“‘Yan yung last na playing year ko sa Palarong Pambansa as [an elementary student], noong nag Best Outside Hitter ako at bronze medalists as NCR representatives kami,” she proudly shared.
But by the time she was in the seventh grade, she and her coach came to the conclusion that it was time for just one more change.
Right as she was about to enter junior high school, Yesha was studying in Adamson.
“During that time, madami talagang players sa Adamson noon. So, sabi ng coach ko, sayang naman kung hindi ako natututukan doon, kasi made-delay ‘yung improvement ko, so sabi niya na lumipat nalang ako sa school na maalagaan ako hanggang makapaglaro ako.”
This is how she ended up as a National University (NU) Nazareth student. She had a new team, and for the first time, a new coach. But she adjusted well to the NU volleyball system and is very close to all her teammates, sharing that their bond is really important to them as a unit.
“In terms of system, iba talaga ‘yung system ng NU. Mas detalyado,” she explained. “Super close kami ng mga teammates ko, kasi ‘yan ‘yung pinaka focus namin, kasi naapekto ‘yan sa court.”
With this new opportunity, Yesha was excited to get on the court. However, much like many other athletes, the pandemic had put a halt to her plans.
“Dahil sa pandemic, naputol ‘yung paglaro ko,” she said. Despite losing the ability to play for a couple of years, she still spent the pandemic working on her fitness, while also giving herself adequate time to recover.
So by the time restrictions lifted, Yesha was ready to hit the ground running.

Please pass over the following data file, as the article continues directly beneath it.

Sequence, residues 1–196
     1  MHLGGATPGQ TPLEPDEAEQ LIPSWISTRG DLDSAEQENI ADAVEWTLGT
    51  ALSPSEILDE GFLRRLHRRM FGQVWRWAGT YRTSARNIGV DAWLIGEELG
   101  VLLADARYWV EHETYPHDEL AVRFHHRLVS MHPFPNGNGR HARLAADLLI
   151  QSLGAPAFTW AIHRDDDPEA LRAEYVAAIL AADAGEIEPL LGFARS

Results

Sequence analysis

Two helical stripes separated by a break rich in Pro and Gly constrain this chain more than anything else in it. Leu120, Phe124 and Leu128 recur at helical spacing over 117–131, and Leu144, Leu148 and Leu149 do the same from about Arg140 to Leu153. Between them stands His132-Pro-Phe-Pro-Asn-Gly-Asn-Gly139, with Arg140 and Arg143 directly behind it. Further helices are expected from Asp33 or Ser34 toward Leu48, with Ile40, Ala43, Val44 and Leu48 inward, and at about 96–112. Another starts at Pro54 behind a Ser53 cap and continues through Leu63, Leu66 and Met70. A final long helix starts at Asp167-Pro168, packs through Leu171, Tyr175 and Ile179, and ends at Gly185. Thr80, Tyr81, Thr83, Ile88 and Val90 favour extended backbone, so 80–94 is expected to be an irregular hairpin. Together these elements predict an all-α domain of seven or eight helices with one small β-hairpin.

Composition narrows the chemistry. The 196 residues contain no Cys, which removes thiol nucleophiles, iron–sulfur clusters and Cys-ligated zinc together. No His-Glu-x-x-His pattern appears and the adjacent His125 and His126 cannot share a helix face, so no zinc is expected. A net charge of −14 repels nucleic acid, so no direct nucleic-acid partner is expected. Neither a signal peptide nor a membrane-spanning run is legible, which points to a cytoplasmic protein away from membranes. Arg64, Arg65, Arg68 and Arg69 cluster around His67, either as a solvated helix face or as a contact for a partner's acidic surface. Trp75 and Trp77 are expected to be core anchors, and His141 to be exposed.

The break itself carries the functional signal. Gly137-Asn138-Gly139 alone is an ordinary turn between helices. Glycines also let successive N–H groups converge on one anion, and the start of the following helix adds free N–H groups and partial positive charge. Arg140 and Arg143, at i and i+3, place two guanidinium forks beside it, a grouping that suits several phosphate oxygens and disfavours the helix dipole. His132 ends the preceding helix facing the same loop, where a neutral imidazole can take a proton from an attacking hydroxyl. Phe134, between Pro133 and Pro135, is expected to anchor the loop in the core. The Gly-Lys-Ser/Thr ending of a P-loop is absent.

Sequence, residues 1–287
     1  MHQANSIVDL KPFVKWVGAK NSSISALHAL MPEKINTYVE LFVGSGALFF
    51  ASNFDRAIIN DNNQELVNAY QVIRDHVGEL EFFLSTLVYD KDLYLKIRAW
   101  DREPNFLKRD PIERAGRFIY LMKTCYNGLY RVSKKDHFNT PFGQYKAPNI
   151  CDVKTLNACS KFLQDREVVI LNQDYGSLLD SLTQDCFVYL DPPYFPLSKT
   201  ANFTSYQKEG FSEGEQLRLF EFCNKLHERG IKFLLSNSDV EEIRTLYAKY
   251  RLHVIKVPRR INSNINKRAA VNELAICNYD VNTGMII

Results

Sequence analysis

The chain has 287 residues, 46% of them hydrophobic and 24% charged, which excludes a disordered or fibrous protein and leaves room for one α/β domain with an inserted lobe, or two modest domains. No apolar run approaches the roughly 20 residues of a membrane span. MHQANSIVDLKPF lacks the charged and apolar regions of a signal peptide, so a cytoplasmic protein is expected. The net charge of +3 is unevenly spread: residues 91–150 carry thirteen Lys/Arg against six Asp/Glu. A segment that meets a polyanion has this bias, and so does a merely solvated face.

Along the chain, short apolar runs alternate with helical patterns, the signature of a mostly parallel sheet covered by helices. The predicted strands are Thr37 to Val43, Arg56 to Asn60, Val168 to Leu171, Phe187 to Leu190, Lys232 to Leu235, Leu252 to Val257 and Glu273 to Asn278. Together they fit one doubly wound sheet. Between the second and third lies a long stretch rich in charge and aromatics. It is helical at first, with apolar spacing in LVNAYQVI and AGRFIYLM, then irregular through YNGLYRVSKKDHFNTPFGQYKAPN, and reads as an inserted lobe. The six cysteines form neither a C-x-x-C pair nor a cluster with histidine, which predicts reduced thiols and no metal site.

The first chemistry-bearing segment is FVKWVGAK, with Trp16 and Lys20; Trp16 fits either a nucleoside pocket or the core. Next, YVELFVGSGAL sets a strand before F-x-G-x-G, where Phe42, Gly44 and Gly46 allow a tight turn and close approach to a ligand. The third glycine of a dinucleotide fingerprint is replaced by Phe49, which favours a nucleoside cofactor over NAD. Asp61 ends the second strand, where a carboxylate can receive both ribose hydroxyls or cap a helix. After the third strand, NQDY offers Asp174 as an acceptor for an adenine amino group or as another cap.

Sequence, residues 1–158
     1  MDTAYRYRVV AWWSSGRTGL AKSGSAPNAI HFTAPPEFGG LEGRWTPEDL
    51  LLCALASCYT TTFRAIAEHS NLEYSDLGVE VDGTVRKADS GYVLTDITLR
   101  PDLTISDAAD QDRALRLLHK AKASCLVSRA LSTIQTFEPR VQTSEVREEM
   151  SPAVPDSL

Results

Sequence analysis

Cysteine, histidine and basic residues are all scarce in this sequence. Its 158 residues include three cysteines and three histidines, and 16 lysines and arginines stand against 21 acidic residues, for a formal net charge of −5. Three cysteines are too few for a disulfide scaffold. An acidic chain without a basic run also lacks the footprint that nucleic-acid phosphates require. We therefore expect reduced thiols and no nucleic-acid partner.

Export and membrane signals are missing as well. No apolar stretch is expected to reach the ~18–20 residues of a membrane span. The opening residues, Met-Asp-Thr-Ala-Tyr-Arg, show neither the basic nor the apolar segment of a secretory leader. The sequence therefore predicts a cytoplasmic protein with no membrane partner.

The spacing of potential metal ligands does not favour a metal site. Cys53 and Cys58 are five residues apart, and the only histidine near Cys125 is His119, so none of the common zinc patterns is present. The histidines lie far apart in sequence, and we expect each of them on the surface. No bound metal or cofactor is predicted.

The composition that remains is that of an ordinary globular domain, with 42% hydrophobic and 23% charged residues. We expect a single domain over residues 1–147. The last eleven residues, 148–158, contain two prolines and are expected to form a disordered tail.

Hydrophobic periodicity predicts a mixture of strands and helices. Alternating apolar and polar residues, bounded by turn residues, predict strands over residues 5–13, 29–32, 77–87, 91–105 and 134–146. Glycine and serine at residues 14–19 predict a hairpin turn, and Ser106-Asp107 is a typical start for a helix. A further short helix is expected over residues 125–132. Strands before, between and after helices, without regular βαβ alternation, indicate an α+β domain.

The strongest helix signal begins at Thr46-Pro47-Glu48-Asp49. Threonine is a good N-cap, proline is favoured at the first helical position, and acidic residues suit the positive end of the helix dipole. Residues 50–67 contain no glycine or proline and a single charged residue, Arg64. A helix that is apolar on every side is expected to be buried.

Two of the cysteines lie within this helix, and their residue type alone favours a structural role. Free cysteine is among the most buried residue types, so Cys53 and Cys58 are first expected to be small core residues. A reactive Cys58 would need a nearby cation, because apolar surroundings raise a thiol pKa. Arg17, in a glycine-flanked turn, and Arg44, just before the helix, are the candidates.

As a player for the NU Lady Bullpups, one of the major competitions Yesha looked forward to was UAAP. The UAAP volleyball tournament is one of the biggest sports competitions in the country.
Yesha recognized this and, as an instrumental part of her team, she helped the Bullpups advance all the way to the finals of the tournament. Facing Adamson in the finals, the NU-Nazareth girls claimed the win by overcoming their rivals to retain their crown.
“Hindi ko makakalimutan ‘yun, kasi first UAAP ko ‘yun, tapos champions kaagad kami, at maganda din na na sa first 16 ako naglalaro — malaking achievement sa akin ‘yun,” she recalled with pride.
Future is bright
Now about to enter her final year as a high school student, Yesha Noceja already operates like a professional.
She trains on six out of seven days a week, usually twice per day, in the morning and in the afternoon. Thankfully, she has Sunday as her rest day. But when asked what she enjoys doing outside of training, her only response was, “Tulog at kahit lang ang ginagawa ko.”
(When we asked two star players of the PVL the same question, they had the same response.)
This is the life of a student-athlete with big dreams. “Sa long-term, gusto ko makapasok sa national team, mag-represent ng country natin,” she asserted.
With a goal like this, ambition like Yesha’s is the bare minimum, but she is more than ready to give a whole lot more than this in pursuit of what she hopes to achieve one day. And, luckily for her, she has many role models to look up to, as she describes the professionals of the country saying with admiration, “Ang gagaling nilang lahat.”
One day, Yesha hopes to reach this level too. And based on her track record, her passion, and her commitment, athletes like herself are huge reasons why, with the right support, the future of Philippine sports is bright.
Images courtesy of Yesha Noceja.